Member Snapshot: Greg Steenbeeke

Our Member Snapshot for this month is Greg Steenbeeke. Greg is a botanist and an A.N.O.S. judge. He is the club’s main “go to” man when it comes to resolving native orchid names. Here he kindly shares with us his story on growing native orchids and being a member of our club.

Q: How did you become an orchid enthusiast?

Greg:  Second generation grower (my father grew cymbids and a few odds and sods) and therefore I had no hope.


Q: Which are your favourite native orchids and why?

Greg:  All of them and none of them. How can you pick a favourite when it’s so diverse, variable and intriguing.

Q: Approximately how many “pots” in your collection?

Greg: Too many. Most of them full … Some even with plants that are meant to be there. I have a database that I collate my collections into – so far it has over 3000 entries. While a good many of these are no longer alive, I supposedly have over 1200 different accessions alive in some 3000 pots.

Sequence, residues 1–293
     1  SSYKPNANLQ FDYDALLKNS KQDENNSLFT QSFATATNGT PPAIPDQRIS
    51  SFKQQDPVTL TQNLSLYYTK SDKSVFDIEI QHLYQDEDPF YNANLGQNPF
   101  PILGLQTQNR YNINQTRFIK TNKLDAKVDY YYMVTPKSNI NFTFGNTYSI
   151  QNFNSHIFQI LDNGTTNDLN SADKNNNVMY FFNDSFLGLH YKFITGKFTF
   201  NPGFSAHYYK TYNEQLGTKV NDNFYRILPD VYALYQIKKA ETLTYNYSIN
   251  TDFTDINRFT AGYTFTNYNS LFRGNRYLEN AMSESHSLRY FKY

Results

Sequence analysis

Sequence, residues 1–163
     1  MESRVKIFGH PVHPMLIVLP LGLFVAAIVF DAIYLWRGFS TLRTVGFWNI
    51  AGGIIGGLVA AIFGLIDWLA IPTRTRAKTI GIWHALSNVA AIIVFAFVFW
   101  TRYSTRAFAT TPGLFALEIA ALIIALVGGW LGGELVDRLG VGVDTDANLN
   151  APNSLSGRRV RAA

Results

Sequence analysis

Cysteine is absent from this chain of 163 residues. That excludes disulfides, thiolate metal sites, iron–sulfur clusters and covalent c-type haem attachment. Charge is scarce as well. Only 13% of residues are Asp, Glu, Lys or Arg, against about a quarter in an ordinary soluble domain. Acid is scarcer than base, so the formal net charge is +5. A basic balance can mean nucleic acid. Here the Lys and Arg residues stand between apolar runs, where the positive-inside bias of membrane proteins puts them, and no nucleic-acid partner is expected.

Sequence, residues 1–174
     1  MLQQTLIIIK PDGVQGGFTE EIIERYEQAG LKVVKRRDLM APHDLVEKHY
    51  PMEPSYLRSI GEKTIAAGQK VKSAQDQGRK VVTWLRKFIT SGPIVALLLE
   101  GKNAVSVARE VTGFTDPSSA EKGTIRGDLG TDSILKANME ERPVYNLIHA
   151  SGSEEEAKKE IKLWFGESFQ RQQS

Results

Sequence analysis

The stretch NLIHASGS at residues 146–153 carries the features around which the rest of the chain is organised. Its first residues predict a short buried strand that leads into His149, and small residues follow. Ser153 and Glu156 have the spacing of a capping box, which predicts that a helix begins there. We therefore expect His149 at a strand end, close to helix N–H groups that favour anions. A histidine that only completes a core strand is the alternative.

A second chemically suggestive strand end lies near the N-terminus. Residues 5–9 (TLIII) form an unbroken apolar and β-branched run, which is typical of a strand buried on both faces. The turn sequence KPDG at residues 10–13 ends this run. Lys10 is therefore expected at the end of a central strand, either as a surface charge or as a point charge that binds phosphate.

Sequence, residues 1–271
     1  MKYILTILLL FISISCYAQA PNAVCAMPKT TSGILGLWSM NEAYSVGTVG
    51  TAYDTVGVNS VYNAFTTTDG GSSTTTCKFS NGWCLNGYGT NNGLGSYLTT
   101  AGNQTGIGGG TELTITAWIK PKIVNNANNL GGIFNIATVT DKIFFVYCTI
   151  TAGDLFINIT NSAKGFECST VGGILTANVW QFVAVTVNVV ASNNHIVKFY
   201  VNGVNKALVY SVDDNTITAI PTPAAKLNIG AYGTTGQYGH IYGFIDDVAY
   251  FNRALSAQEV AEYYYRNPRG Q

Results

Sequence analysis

Q: How often do you water your orchids?

Greg: As they need it. I grow exposed to the elements (no covered sections) so the watering is determined by the weather. In cooler times I water maybe every three days to weekly, warmer times I water daily. In hot periods in western Sydney I can water twice a day. Almost always I water by hand as it lets me check out what is happening to the plants.


I use an open mix (bark and gravel) so need to maintain moisture. I also water from a 15,000 litre water tank so I don’t have town water issues.

Sarcochilus Velvet Dawn

Greg’s shade house & Hills Hoist to hang clothes (or more orchids?).

Plectorrhiza tridenta

Greg working in his office.

Q: What was the worst mistake you ever made growing your orchids?